Locke captures her characters vividly using snippets and partial side angled views but we learn so much about these believable and real people through the writing. At times I felt that I had arrived at the movie ten minutes late and missed key information really needed for the story. Several times I stopped and checked to be sure that I wasn't reading book 2 of a series--having missed book one. While sometimes I felt at a loss--at the same time I came away with a palpable vision of East Texas, its people and crime in America.
This book was really scary, calloused in its presentation of violence and terrifying in the way it captured racial prejudice in a small community. The writing had me captivated and researching aspects of the story and finding them all too real. Be aware that there is very little happiness to be found in Bluebird, Bluebird. Love yes, friendship yes, loyalty yes--but happiness--not so much. Only for the strong reader who likes stories about troubled Texas Rangers trying to make all things right in the end.
8 of 9 people found this review helpful
Quentin and Lottie Bredin, like many modern couples, can't afford to divorce. Having lost their jobs in the recession, they can't afford to go on living in London; instead, they must downsize and move their three children to a house in a remote part of Devon. Arrogant and adulterous, Quentin can't understand why Lottie is so angry; devastated and humiliated, Lottie feels herself to have been intolerably wounded. Mud, mice and quarrels are one thing - but why is their rent so low?
This has been such a difficult book for me to review because the writing was so perfect, so supremely beautiful and completely spot on in its descriptions of farm life, complex families, end of life care and the mess that can occur in marriage. I absolutely loved the depth and connection between the characters. Even better, the really scary bits were subtly woven into the story. For me, the scariest parts of the book oddly had little to do with the murder mystery.
Craig really captured the realities of farm to table food production in all its horrors and heartbreaks. She got so much right about the back breaking degree of labor required to live the country life. She delved deeply into complicated issues of trust and honesty in relationships. My favorite aspect of the book was the year-in-the-life tone it took in portraying living in the country and the impact that had on each family member. The descriptions of the seasonal changes, the harshness of winter, the beauty of nature and the seaside were evocatively written and wonderful. I really loved so much about this book.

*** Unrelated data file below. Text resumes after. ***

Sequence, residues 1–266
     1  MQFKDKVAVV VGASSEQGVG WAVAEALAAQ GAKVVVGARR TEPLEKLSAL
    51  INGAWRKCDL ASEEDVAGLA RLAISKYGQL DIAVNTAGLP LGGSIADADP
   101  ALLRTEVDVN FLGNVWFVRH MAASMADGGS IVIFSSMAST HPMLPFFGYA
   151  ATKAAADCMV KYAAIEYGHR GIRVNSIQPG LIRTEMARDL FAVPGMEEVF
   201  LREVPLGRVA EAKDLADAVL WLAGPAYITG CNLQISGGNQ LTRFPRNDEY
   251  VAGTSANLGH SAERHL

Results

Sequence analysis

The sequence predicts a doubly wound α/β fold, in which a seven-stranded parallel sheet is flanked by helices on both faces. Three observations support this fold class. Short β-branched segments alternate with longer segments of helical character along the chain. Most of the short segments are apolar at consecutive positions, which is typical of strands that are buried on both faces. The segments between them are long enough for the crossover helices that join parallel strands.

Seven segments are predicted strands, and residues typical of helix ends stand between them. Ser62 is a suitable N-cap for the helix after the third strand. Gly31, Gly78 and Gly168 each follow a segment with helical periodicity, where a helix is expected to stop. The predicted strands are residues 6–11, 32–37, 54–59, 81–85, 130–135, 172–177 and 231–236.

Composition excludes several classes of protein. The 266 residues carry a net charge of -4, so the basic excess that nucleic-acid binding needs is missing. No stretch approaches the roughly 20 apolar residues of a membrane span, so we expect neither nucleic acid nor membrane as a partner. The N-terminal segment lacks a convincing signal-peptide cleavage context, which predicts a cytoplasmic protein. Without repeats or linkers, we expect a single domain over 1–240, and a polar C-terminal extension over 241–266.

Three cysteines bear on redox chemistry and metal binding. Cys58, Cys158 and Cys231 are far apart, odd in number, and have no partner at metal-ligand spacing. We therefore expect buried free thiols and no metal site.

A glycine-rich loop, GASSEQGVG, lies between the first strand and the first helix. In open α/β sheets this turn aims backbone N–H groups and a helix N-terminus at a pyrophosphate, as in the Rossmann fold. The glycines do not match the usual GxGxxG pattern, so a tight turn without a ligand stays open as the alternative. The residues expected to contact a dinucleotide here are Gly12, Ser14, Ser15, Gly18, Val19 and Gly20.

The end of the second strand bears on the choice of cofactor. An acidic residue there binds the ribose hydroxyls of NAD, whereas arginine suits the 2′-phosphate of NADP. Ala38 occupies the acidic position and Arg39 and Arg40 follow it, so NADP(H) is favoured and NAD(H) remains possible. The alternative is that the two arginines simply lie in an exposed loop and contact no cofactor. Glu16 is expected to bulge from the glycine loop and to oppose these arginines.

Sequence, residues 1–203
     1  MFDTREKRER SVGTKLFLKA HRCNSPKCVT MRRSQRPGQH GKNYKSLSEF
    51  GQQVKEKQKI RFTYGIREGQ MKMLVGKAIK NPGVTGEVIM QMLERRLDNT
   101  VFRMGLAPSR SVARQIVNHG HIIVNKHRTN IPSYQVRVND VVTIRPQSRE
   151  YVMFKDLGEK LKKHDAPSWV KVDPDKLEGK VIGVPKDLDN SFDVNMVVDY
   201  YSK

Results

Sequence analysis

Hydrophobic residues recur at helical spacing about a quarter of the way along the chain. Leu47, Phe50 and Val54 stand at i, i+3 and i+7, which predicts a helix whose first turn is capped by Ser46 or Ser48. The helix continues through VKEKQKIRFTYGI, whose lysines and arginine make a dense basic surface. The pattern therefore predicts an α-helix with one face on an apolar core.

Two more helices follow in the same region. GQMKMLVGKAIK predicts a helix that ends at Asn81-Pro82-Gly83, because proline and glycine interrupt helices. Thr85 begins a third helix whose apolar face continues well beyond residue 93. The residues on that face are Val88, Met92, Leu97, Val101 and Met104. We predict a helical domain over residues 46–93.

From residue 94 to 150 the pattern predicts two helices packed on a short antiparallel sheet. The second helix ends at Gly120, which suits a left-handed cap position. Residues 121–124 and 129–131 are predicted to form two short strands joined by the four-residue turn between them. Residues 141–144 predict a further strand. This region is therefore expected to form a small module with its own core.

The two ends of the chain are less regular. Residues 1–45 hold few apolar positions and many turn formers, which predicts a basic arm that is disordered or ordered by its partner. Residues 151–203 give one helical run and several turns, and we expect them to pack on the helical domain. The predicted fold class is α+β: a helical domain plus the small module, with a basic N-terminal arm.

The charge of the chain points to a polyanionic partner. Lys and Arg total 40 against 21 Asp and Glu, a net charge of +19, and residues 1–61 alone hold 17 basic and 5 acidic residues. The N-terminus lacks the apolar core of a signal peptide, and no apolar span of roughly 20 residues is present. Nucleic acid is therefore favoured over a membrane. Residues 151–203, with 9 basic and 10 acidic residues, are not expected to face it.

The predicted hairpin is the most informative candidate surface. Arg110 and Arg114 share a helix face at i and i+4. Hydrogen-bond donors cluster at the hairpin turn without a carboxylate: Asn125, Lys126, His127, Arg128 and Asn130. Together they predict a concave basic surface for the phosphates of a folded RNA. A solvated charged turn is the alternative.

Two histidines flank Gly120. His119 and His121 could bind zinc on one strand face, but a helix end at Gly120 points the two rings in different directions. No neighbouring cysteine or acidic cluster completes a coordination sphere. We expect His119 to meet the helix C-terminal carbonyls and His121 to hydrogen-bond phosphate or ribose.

That said, I have to admit that there were things I disliked or really disagreed with about the book. I, for example, hated the ending. I cringed at the factory food production stories and I found that I disagreed with some of the medical info presented. In the end, however, it was precisely these extreme feelings--both positive and negative, that made me choose to rate the book all five stars. The story had real depth and caused such powerful reactions and emotions that it had me fussing and thinking. The sign of really good fiction. Glad I didn't miss this one.
6 of 7 people found this review helpful
She'd heard the stories, seen the movies, read the books. But now police Chief Inspector Sigrid Ødegård has to leave her native Norway and actually go there - to that land across the Atlantic where her missing brother is implicated in the mysterious death of a prominent African-American academic. America. Sigrid is plunged into a United States where race and identity, politics and promise, reverberate in every aspect of daily life.
Miller's book Norwegian By Night was published about 5 years ago and introduced the reader to the powerful character of 82 year old ex-marine Sheldon. This new entry in what appears to be a series picks up just days after the final scene of that first book. In American By Day, Miller continues to explore cultural divides, love, loss, family and most importantly memory.
For me, Sheldon is a tough act to follow and book one had a driving pace that used a complex mix of semi-confused elderly internal dialogue and flash back style memories to tell an edge of your seat story. Book two, to me, had a slower pace and a more circumspect point of view. Don't get me wrong, the characters in book two were easy to connect with, well developed, and believable. Miller tells a good story with another cross cultural adventure but be aware--it's just a little different in style.
I will be really interested in seeing where Miller takes the story in future books and to see more of Sigrid and Irv--both engaging characters. This book was filled with dry humor, deep insights about cultural conflicts within communities and the pitfalls of perspective in love and family. It's best to read book one in the series before starting this title as one builds on the other.